While Schulz did not claim he invented the dish, he did say he was the one who made it famous by putting it on the menu back in 1989.

“I guess I’m the one who put it on the map,” said Schulz.

Who Really had It on their Menu First?

Jeff Daniels of the Valley View Restaurant in Utica gives credit to his dad, Jeff Daniels Sr..

“We had a tenderloin tips dish at Cafe Daniele’s back in 1986 and I wanted a chicken version of that which was just like the Chicken Riggies recipe we know today and we called it Chicken Caprice,” said Daniels.  “One night, Joe Talerico of the United Food and Commercial Workers Union came in and wanted pasta with something that was healthy, so, my father put Chicken Caprice over the rigatoni pasta and that’s how we believe the dish was started,” he said.

Chef Joe Morelle has memory of the dish that dates back earlier.

Chef Joe Morelle has memory of the dish that dates back earlier.

“I remember Chicken Riggies on the menu at Anthony’s on Rutger Street before then,” said Morelle.  “Dick Vatalero worked there from 1984 until 1986 and while I’m not saying he created the dish, I know he served it in ’84.”  Vatalero, who is now 78, actually remembers the guy who gave the dish it’s name, according to Morelle.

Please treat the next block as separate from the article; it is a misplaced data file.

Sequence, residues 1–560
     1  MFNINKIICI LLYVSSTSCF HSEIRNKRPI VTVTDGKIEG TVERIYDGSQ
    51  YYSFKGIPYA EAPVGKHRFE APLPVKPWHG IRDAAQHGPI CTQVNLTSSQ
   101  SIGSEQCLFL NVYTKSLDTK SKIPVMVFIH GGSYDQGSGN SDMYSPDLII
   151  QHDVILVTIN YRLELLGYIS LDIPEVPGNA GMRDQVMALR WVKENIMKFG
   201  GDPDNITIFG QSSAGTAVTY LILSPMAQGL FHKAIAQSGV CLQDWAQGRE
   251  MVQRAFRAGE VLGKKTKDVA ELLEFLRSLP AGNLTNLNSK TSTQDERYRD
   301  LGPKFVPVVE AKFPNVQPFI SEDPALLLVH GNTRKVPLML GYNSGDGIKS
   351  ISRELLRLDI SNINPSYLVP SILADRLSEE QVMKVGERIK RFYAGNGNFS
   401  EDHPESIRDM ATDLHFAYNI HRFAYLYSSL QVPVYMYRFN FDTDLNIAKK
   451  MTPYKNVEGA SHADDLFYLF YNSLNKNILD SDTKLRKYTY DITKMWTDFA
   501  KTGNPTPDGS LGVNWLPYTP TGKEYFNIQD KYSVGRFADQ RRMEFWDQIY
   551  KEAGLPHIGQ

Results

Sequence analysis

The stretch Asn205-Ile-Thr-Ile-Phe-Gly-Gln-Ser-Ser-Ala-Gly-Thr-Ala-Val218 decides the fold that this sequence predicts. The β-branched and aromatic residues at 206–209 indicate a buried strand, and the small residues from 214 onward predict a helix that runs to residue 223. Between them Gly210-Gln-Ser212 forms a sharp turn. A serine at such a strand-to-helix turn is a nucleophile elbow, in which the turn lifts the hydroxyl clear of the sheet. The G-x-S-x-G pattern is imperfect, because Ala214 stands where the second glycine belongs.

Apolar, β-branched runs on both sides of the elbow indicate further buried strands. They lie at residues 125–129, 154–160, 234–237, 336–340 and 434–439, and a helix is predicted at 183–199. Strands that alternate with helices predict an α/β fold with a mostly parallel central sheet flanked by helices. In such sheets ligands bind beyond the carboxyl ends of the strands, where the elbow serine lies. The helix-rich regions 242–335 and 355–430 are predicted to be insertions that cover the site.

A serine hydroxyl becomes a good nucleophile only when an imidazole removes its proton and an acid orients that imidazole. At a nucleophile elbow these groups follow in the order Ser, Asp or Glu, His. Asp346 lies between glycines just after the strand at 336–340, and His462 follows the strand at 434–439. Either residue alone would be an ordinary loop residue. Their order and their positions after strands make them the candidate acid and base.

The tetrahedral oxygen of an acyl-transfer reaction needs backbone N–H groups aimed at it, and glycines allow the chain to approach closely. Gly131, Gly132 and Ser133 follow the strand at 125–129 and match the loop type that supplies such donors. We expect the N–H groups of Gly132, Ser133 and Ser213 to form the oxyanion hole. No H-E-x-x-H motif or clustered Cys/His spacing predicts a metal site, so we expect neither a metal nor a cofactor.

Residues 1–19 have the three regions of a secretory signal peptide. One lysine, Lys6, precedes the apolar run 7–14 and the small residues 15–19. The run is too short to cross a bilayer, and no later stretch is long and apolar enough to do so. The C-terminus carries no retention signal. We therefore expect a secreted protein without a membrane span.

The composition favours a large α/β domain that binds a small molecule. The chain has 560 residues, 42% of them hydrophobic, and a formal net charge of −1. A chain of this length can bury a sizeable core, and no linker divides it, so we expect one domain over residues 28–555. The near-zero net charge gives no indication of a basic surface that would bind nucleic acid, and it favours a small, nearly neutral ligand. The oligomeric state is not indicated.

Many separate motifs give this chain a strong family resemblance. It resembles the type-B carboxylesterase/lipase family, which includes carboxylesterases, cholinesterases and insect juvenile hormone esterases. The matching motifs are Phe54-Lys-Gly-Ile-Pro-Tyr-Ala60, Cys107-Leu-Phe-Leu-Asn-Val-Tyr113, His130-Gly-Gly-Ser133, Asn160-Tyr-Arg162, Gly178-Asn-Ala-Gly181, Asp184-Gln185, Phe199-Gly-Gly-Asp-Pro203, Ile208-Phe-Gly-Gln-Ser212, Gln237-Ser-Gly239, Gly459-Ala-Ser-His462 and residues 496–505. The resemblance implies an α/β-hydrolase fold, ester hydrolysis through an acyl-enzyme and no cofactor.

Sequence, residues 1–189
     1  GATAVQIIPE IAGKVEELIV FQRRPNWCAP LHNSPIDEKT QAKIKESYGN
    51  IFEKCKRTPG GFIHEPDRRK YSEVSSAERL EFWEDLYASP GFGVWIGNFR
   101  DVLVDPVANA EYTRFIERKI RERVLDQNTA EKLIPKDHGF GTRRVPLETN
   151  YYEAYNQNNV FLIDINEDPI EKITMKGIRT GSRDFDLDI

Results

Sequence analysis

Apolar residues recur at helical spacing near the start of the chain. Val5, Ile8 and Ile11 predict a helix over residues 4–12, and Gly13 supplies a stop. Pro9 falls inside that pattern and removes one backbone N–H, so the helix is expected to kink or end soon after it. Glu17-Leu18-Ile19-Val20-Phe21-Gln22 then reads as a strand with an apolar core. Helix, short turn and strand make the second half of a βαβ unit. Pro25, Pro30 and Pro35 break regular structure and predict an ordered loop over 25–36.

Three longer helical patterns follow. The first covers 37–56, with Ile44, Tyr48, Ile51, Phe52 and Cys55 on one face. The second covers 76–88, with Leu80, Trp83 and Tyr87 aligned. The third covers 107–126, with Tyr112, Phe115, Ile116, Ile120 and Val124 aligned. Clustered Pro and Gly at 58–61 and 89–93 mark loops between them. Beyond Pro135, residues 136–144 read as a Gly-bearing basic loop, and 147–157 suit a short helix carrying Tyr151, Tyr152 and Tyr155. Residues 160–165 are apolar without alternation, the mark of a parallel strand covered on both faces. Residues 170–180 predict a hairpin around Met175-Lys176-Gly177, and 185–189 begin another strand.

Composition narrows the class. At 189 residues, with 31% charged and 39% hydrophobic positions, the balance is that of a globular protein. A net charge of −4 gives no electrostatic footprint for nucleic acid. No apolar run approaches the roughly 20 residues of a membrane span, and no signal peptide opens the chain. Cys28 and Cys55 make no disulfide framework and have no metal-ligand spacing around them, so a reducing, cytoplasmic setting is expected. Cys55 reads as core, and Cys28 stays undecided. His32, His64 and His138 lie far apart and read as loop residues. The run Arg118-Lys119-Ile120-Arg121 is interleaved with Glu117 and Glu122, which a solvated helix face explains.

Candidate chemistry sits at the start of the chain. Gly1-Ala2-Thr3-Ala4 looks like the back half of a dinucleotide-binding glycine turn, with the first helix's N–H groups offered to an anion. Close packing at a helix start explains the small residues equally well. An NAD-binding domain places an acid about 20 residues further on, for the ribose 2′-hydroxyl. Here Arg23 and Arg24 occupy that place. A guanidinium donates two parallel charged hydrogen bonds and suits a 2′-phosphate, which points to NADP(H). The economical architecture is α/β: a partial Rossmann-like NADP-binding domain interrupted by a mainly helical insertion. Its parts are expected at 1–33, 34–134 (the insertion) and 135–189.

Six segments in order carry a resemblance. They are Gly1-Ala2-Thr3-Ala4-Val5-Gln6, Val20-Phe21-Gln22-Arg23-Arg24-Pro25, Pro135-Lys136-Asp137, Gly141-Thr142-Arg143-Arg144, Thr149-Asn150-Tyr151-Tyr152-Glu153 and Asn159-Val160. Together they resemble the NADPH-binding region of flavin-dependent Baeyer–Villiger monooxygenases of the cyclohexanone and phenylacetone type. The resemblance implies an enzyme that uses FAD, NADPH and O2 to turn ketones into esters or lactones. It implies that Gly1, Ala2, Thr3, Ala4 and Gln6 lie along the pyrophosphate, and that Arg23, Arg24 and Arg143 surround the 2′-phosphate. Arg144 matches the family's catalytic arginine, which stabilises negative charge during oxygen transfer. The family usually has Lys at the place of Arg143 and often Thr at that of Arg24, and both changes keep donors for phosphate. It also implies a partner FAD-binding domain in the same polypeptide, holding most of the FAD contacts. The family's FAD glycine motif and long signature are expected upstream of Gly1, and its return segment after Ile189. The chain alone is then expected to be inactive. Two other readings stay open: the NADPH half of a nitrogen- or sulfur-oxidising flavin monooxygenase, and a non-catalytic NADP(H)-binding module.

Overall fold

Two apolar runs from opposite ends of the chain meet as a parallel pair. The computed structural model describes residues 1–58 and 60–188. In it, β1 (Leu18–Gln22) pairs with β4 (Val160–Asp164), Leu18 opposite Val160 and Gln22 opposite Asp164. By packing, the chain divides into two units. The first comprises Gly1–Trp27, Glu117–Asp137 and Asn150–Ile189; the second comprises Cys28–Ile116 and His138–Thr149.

“Dick said that he didn’t know what to call the dish and the other chef there, Joey Pristera was the one who came up with the name.  He said there’s chicken in it and rigatoni pasta…so let’s call it Chicken Riggies,” he said.

Every Story Teller has a Beginning

No matter who created the recipe, the names included in each of these versions all played a role in making Chicken Riggies the famous dish it is today.  The fact is, however, there might never have been a Chicken Riggies if not for the one man who seemed to give most (if not all) of the names who make up the ‘riggies’ story their start.

“All of these names mentioned got their start at Grimaldi’s on Bleecker Street with Fred

It’s really a simple dish,” Schulz said.  “The chicken, peppers, wine, marinara and cheese; it’s that easy.